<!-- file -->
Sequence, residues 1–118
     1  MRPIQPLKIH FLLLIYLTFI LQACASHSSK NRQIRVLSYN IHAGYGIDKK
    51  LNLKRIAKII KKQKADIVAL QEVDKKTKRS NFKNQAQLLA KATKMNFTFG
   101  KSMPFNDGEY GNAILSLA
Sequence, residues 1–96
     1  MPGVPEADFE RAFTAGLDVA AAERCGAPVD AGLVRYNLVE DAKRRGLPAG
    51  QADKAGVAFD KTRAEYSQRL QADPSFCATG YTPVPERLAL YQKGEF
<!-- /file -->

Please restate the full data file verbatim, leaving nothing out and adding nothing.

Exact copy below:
Sequence, residues 1–118
     1  MRPIQPLKIH FLLLIYLTFI LQACASHSSK NRQIRVLSYN IHAGYGIDKK
    51  LNLKRIAKII KKQKADIVAL QEVDKKTKRS NFKNQAQLLA KATKMNFTFG
   101  KSMPFNDGEY GNAILSLA
Sequence, residues 1–96
     1  MPGVPEADFE RAFTAGLDVA AAERCGAPVD AGLVRYNLVE DAKRRGLPAG
    51  QADKAGVAFD KTRAEYSQRL QADPSFCATG YTPVPERLAL YQKGEF